By broad margins, respondents said that members of Congress were too tied to special interests and that they did not understand the needs and problems of average Americans. Two-thirds said Congress had accomplished less than it typically did in a two-year session; most said they could not name a single major piece of legislation that cleared this Congress. Just 25 percent said they approved of the way Congress was doing its job.
But for all the clear dissatisfaction with the 109th Congress, 39 percent of respondents said their own representative deserved re-election, compared with 48 percent who said it was time for someone new.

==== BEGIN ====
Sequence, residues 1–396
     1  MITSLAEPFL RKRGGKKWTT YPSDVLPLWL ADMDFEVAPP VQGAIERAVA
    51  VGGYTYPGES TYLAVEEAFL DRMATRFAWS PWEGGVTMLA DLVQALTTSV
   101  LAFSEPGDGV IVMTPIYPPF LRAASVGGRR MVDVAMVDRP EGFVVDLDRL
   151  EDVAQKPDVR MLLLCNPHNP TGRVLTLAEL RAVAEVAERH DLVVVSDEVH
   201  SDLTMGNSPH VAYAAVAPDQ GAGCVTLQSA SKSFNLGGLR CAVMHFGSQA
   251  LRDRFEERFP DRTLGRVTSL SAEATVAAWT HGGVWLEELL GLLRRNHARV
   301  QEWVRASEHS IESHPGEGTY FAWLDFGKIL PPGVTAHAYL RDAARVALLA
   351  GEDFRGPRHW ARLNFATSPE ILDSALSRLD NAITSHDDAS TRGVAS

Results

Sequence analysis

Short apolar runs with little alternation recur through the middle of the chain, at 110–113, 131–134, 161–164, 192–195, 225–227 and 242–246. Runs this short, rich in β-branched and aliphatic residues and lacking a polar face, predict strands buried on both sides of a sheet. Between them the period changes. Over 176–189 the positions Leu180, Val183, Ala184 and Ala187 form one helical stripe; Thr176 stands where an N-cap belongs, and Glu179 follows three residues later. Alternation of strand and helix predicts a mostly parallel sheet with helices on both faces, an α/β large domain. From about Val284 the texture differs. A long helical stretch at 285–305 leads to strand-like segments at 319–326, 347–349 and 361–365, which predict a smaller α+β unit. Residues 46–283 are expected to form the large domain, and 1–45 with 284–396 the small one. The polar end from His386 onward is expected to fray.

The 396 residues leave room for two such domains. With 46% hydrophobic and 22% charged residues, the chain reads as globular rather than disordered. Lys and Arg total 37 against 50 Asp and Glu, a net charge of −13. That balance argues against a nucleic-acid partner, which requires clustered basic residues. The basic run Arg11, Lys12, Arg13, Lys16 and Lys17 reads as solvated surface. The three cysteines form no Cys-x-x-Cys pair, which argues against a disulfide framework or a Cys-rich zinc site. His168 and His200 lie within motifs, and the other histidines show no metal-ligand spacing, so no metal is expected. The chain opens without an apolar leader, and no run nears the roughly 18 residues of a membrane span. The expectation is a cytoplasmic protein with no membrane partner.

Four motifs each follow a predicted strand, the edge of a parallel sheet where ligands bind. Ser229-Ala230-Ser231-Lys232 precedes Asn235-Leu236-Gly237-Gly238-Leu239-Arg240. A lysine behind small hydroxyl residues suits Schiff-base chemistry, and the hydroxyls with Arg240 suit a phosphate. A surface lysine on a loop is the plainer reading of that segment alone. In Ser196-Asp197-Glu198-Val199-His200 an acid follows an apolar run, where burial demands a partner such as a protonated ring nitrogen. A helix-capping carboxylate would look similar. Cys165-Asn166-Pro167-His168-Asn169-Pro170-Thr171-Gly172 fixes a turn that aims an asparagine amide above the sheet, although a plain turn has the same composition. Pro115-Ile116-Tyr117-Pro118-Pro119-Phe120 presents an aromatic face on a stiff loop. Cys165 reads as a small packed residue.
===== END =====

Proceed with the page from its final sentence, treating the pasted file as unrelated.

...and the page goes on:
What is more, it seems highly unlikely Democrats will experience a sweep similar to the one Republicans experienced in 1994. Most analysts judge only about 40 House seats to be in play at the moment, compared with over 100 seats in play at this point 12 years ago, in large part because redistricting has created more safe seats for both parties.
The poll also found that President Bush had not improved his own or his party’s standing through his intense campaign of speeches and events surrounding the fifth anniversary of the 9/11 attacks. The speeches were at the heart of a Republican strategy to thrust national security to the forefront in the fall elections.
For those who are fond of predictions, how many seats will Republicans or Democrats pick up or lose? Can Democrats take the House or Senate?
Nagourney, Adam. "Only 25% in Poll Approve of the Congress". New York Times. 9/21/06